March 18, 2002 The Associated PressA state Department of Natural Resources administrator acting on information from Montana urged officials, four years ago, to take stronger precautions for preventing a deadly brain disease in deer, a newspaper reported.
State officials told the Wisconsin State Journal of Madison they now wish they had followed the memo's advice. Some lawmakers are calling for a ban on imported elk and deer to slow the spread of chronic wasting disease. The DNR confirmed three deer shot by hunters last fall in Wisconsin had chronic wasting disease, the first documented cases east of the Mississippi River. The agency estimates as many as 700 deer concentrated around Mount Horeb, or 3 percent to 4 percent of the herd, are infected.
DNR officials were advised in a 1998 memo that they needed to take strong measures against the disease. Steven Miller, an administrator with the department's land division, had learned Montana was considering a ban on all imported game farm animals until an adequate live test for chronic wasting disease was developed.
Montana put in place the moratorium in 2000, and the disease has not yet shown up in wild animals there.
"Based upon what I have learned of this disease, I agree with Montana and would recommend the same for Wisconsin," Miller wrote in 1998 to then-DNR Secretary George Meyer. "At present it appears this would be the only way to help assure the disease does not spread into Wisconsin."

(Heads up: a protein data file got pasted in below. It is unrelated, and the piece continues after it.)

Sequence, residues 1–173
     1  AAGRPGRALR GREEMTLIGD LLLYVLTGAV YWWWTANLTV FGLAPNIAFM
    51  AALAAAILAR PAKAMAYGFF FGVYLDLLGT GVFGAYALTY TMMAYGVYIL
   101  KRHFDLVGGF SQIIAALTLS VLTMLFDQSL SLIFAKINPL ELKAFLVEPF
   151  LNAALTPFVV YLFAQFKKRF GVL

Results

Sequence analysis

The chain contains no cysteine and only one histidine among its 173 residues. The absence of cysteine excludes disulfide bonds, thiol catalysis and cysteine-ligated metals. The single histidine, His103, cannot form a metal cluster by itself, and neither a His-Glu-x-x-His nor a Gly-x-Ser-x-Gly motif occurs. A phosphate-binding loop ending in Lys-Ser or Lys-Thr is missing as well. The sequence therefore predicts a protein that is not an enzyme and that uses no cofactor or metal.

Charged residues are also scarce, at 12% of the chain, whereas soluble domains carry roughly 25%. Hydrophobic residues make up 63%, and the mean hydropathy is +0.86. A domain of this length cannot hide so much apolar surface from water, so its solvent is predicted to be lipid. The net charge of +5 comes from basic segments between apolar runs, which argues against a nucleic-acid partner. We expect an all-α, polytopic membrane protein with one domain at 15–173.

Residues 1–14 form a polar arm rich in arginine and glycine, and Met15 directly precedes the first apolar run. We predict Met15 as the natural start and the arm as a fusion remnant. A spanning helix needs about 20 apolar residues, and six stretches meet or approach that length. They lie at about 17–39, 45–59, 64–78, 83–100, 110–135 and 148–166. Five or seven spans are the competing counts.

Meyer told the newspaper he wishes his efforts to encourage such a ban were more successful.
Meyer said he asked the agriculture department, which regulates game farms, to consider moving forward with tighter regulations after receiving the memo.
The department organized an advisory committee made up almost entirely of game farm operators to meet and discuss chronic wasting disease prevention measures.
Game farm operators opposed a ban on importing wild animals in 1998. Mike Monson, then-president of the Wisconsin Commercial Deer & Elk Farmer's Association, wrote a letter to a state veterinarian in 1998 to oppose the idea.
The association now argues such a ban would have done little good, because the disease's most likely source in Wisconsin is the wild deer herd.
The newspaper obtained the DNR memo through John Stauber, a Madison writer and author of a book on mad cow disease. He turned up the memo in an open records search.
DNR wildlife specialists now are working to determine how far the disease may have spread since it first was confirmed several weeks ago.